Wisconsin’s largest waterfall is located on the top edge of this great State, in a part of the USA that one could truly call “God’s country”. I journey through the thick woodlands to find Manitou Falls in Pattison State Park.
The humidity is high on this day as I start my hike, heading the long way around the lake. I come alongside the Black river, called Mucudewa Sebee in native Ojibwa, which means “black” or “dark”. The root beer tint of the water comes from tannin leached from the decaying leaves and roots of vegetation along the river’s path. I come to my first waterfall, and sheepishly ask around to see if this is the largest waterfall.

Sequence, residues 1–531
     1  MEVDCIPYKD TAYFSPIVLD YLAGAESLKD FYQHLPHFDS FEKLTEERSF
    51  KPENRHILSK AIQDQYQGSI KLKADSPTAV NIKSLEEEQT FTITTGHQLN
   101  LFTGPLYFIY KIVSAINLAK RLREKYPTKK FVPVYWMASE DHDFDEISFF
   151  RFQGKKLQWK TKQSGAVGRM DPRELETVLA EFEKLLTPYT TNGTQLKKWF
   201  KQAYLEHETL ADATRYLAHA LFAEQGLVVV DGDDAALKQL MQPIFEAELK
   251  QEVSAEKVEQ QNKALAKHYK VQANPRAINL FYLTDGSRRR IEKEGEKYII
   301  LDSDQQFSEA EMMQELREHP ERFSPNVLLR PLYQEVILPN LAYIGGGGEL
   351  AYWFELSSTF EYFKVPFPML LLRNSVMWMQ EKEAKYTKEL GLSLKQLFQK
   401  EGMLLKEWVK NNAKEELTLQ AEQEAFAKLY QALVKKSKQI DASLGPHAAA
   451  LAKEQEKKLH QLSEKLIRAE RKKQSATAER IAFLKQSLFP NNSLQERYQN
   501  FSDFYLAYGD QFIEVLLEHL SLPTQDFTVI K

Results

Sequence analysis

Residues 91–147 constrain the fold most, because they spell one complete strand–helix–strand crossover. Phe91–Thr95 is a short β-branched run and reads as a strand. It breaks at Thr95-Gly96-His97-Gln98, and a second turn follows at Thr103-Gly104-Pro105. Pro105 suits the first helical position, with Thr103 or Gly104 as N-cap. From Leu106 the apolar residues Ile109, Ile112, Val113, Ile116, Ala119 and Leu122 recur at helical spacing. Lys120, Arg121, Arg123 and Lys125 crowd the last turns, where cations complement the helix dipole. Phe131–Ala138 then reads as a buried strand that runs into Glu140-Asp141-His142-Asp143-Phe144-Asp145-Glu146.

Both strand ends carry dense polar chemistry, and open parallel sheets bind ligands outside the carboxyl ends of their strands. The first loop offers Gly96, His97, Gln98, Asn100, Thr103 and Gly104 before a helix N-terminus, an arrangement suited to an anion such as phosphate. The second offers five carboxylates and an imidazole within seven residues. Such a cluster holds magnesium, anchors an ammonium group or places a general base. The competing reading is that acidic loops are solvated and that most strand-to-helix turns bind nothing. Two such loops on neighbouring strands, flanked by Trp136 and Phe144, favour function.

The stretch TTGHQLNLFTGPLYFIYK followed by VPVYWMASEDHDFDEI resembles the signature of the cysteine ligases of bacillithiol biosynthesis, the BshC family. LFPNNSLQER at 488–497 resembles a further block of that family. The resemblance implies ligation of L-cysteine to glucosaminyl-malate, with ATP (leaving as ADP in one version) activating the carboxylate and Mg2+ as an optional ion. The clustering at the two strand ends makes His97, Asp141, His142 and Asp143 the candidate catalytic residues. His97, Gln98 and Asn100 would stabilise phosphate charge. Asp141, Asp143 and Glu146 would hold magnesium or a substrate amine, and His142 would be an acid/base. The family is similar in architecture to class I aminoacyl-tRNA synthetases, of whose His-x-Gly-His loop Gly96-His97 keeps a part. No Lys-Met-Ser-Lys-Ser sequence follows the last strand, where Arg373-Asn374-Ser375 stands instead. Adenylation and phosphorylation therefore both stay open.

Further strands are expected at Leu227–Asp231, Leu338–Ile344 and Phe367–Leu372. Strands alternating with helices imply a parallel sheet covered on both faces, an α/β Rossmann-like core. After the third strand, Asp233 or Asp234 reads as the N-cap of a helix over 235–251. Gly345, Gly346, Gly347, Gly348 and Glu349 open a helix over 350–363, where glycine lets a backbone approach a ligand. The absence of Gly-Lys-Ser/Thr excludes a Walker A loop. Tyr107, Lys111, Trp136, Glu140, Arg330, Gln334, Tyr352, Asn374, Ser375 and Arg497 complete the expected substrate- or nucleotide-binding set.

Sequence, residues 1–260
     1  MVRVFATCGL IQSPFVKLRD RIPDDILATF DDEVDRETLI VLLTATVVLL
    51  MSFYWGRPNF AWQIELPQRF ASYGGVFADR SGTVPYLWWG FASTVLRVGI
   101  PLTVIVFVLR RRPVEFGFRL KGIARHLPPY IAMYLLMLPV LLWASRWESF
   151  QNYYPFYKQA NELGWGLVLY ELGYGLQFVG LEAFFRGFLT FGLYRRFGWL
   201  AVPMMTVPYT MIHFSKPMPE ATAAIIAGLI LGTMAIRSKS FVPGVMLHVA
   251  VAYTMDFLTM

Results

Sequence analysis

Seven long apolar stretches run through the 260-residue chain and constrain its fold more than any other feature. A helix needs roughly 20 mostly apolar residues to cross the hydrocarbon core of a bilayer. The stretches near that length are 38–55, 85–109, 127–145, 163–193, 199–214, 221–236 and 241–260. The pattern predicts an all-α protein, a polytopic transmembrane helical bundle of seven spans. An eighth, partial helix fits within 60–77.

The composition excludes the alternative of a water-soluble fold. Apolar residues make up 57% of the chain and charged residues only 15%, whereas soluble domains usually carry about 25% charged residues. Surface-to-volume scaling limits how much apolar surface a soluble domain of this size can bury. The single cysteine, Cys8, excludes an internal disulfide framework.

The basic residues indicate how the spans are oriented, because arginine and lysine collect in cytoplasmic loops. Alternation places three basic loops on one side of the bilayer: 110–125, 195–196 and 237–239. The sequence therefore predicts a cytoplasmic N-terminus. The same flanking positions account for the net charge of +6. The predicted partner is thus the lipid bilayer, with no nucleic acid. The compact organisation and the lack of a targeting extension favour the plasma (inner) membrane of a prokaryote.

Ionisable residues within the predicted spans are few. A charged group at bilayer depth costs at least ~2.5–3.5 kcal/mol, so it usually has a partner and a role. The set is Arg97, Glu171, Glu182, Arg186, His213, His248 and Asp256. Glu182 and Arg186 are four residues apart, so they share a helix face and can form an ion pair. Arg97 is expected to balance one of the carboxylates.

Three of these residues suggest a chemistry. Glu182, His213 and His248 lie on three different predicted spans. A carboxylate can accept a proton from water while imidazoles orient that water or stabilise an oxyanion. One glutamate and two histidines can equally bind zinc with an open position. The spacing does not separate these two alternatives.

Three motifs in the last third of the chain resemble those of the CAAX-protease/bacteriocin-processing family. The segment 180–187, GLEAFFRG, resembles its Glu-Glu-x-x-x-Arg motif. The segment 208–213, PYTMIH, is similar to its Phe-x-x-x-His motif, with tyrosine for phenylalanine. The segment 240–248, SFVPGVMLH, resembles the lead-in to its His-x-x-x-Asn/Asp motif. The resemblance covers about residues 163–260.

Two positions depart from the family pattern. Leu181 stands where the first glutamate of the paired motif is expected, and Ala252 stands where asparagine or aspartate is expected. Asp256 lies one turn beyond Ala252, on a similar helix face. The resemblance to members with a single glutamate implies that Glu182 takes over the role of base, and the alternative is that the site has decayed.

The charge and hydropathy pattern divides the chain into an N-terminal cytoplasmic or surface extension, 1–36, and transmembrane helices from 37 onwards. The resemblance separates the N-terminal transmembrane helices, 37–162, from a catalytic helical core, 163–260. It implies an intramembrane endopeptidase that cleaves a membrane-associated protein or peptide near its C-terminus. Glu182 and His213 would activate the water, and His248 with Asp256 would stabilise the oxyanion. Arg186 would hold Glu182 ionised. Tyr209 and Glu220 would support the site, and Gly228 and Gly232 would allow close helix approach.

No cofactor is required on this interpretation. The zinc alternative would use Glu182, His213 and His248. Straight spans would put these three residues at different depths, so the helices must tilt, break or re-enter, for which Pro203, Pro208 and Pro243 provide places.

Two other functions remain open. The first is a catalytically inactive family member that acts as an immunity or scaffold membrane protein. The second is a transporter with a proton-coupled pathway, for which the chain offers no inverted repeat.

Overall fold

I learn that this is only Little Manitou Falls, and continue on my hike towards her big sister.
The spirit of the Native Ojibwa Indian is as strong as the current in the river, flowing through me as I journey onward.
The humidity is zapping my strength quickly as I approach the roar of the mighty Manitou Falls. I cross through an underground tunnel to find Mother Nature in all of her glory on the other side.